Riccardo Dalle Grave
Department of Eating and Weight Disorders, Villa Garda Hospital, Garda (VR), Italy
Intermitting fasting has been proposed as a dietary strategy to improve general health indicators, slow or reverse disease processes and aging. However, data supporting the beneficial health effects of intermittent fasting mainly derive from preclinical studies in animals and short-term clinical studies on weight loss and non-communicable disease risk factors, with no significant differences on these outcomes when intermittent fasting has been compared with moderate continuous energy restriction in humans. No data are available on the effect of intermitting fasting on clinically important outcomes in humans, such as the onset of cardiovascular diseases, cancer, and life expectancy. Instead, several studies found an association between delayed eating (i.e., spending many hours during the day without eating) and increased risk of developing episodes of overeating and binge eating. Moreover, the procedure of regular eating, adopted by the “enhanced” cognitive behavior therapy for eating disorders (CBT-E), results in a rapid decease in the frequency of binge-episodes in patients with bulimia nervosa and binge-eating disorders. These data indicate that regular eating, not intermitting fast, is the best choice for adopting a healthy eating control and avoiding the development of unregulated and, in some cases, disturbed eating behavior.
Intermittent fasting has been recently proposed as an eating pattern strategy to elicit, through the metabolic switch from the use of glucose as fuel source to the use of fatty acids and ketone bodies, the improvement of insulin resistance, obesity, dyslipidemia, high blood pressure and cognitive functions, the increased resistance to stress, the suppression of inflammation and the increase of life expectancy (de Cabo & Mattson, 2019). These dietary practices in its more common forms (e.g., alternate fasting days; 5:2 intermittent fasting, i.e., fasting 2 days each week; daily time-restricted feeding) (Anton et al., 2018) has been proposed to treat obesity, diabetes, cardiovascular diseases, cancer, neurodegenerative diseases, asthma, multiple sclerosis, osteoarthritis, surgical tissue lesions and ischemic and to prolong life expectancy (de Cabo & Mattson, 2019).
Data supporting the beneficial effects of intermittent fasting derives from preclinical studies on animals (e.g. rats) (Anton et al., 2018; Swindell, 2012). The few clinical published studies assessed only the short-term (weeks or months) effect of this intervention on weight loss and some non-communicable diseases risk factors. To date no data are available on the effect of intermitting fasting on clinically important outcomes, such as the onset of cardiovascular diseases, cancer, and lifer expectancy in humans. Furthermore, most studies did not compare the long-term effects of intermittent fasting with continuous energy restriction. Therefore, it is not known whether the observed positive effects on risk factors are the result of intermittent fasting or calorie restriction per se.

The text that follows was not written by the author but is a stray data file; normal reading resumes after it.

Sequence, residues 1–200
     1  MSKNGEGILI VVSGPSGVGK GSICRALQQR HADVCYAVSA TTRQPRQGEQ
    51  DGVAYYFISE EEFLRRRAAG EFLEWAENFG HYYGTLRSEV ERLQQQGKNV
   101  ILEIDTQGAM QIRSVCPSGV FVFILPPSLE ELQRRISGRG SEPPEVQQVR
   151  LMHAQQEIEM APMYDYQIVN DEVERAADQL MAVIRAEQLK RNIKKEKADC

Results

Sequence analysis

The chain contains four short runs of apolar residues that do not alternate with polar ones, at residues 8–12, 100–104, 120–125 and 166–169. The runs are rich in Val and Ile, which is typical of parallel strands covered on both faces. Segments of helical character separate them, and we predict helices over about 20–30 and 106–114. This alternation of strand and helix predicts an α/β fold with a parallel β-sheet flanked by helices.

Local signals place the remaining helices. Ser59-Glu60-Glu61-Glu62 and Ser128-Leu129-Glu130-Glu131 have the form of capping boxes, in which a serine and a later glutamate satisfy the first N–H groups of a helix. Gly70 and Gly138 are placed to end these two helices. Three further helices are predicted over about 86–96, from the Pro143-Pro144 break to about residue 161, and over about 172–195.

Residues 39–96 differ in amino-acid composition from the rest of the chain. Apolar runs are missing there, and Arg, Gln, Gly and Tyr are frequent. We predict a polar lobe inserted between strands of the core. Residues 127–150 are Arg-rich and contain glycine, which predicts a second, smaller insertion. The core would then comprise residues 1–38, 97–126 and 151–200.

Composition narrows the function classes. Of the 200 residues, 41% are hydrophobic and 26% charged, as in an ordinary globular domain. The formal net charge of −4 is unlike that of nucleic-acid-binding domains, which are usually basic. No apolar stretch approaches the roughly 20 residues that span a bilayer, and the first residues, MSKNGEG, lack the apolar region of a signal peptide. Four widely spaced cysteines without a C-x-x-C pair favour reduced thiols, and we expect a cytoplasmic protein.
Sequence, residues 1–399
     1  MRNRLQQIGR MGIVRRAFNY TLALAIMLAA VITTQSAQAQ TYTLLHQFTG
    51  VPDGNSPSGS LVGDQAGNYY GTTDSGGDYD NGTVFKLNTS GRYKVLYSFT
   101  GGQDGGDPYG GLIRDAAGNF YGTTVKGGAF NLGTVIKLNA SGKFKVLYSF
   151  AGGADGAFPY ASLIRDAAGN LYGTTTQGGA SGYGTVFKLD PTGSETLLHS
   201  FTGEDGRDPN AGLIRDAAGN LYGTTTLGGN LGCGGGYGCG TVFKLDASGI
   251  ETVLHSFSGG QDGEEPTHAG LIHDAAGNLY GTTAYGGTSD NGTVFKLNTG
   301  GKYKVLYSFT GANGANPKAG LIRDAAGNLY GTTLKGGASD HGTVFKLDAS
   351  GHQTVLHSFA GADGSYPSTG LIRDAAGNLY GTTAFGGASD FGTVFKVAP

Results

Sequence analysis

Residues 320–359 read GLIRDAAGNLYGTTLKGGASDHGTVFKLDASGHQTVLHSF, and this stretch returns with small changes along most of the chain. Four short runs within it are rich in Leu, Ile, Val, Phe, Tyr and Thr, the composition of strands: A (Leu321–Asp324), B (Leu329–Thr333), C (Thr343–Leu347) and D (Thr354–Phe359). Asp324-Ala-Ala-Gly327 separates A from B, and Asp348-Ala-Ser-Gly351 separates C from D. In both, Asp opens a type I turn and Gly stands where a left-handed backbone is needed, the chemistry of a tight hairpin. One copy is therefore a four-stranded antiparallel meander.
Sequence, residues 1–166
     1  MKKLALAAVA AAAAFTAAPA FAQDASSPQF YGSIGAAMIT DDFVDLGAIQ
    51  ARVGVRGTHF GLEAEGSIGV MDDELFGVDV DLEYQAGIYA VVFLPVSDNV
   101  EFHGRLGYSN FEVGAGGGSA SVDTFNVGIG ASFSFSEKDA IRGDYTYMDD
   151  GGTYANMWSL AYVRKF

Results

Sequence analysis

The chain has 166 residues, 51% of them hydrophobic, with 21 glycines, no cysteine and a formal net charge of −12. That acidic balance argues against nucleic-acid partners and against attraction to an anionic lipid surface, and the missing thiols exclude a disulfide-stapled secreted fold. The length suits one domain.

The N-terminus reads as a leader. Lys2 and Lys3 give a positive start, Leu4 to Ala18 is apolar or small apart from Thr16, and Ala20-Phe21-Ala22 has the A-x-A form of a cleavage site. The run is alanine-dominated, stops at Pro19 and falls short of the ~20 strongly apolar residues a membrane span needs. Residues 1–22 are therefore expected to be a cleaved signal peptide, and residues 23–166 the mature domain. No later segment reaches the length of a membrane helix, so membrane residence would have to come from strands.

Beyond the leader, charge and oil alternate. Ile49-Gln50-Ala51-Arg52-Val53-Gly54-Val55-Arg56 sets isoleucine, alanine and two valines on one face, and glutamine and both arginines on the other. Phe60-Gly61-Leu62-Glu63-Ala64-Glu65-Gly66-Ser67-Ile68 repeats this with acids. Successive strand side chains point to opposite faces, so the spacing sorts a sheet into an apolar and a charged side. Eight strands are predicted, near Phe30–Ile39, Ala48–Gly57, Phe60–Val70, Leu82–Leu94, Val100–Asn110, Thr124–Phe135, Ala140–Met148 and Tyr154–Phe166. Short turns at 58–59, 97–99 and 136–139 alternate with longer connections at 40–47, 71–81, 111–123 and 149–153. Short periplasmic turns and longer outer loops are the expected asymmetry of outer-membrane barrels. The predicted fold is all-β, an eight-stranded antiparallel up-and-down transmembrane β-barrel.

The only published clinical study with long-term outcome data (i.e., 24 months) on weight loss and cardiovascular risk factors is a one-year randomized parallel trial which randomized 332 adults with overweight or obesity to one of three groups: (1) continuous energy restriction (1000 kcal/day for women and 1200 kcal/day for men); (2) week-on-week-off energy restriction (alternating between the same energy restriction as the continuous group for one week and one week of habitual diet); or (3) 5:2 (500 kcal/day on modified fast days each week for women and 600 kcal/day for men, the 2 days of energy restriction could be consecutive or non-consecutive). The study did not find significant differences in weight loss and in the modification of the cardiovascular risk factors among the three groups at both 12 and 24 months (Headland, Clifton, & Keogh, 2019, 2020).
Other trials with shorter duration achieved the same conclusion as the Headland et al. study (2020). For example, a short-term randomized study, comparing alternate-day fasting with moderate daily caloric restriction in adults with obesity, found no significant between-group differences in change in weight body composition, lipids and insulin sensitivity index after 8-weeks of treatment, and no significant differences in weight regain after 24 weeks of unsupervised follow-up (Catenacci et al., 2016). The same conclusion was reached by a 12-month trial that found no significant differences in adherence, weight loss and maintenance, and cardiovascular protection between intermittent fasting (25% of energy needs on fast days; 125% of energy needs on alternating “feast days”) compared to a moderate continuous energy restriction (75% of energy needs every day) (Trepanowski et al., 2017). The results of these studies confirm the conclusions of a systematic metanalytical review of 9 studies of a minimum duration of 6 months, in which no difference in weight loss was observed between continuous calorie restriction and intermittent fasting (Headland, Clifton, Carter, & Keogh, 2016).